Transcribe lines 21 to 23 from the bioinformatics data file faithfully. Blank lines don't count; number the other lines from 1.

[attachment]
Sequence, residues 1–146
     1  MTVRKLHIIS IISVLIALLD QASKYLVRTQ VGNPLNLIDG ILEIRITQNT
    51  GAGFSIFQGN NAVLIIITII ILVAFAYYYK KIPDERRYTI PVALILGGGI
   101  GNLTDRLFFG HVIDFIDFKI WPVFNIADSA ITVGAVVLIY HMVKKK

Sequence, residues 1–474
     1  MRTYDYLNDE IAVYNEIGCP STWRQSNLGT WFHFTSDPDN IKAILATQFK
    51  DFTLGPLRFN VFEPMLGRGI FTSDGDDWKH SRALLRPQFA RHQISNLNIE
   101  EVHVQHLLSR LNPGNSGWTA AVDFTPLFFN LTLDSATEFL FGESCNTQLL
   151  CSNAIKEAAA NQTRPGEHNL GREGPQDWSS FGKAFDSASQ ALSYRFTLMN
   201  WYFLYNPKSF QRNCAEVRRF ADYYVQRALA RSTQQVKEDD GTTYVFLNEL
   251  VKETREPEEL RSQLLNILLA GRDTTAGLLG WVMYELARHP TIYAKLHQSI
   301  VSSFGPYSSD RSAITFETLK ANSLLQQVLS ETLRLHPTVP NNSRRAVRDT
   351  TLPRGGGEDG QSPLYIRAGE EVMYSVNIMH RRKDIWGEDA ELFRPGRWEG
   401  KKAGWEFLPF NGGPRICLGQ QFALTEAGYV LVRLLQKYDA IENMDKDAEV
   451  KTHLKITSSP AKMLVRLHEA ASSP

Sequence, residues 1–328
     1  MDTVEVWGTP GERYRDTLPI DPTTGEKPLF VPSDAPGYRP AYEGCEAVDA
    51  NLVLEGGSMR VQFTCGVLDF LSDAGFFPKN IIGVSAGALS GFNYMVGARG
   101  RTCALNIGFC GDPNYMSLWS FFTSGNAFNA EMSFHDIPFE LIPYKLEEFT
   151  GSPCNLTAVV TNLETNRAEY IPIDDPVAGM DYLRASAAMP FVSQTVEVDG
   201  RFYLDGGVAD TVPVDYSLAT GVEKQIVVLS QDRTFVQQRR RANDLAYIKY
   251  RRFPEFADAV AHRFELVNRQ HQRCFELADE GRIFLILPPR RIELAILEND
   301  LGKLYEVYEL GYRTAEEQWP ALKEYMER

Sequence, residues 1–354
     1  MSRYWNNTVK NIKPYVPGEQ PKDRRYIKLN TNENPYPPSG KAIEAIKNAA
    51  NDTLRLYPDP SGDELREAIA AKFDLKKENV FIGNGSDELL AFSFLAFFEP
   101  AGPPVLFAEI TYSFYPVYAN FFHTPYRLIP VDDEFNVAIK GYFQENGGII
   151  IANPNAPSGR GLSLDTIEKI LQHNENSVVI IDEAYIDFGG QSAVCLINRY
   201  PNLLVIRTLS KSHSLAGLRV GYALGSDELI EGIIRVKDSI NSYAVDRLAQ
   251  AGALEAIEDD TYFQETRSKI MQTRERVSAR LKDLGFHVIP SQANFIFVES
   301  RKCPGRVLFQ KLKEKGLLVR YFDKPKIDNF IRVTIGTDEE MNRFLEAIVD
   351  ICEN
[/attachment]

   201  RFYLDGGVAD TVPVDYSLAT GVEKQIVVLS QDRTFVQQRR RANDLAYIKY
   251  RRFPEFADAV AHRFELVNRQ HQRCFELADE GRIFLILPPR RIELAILEND
   301  LGKLYEVYEL GYRTAEEQWP ALKEYMER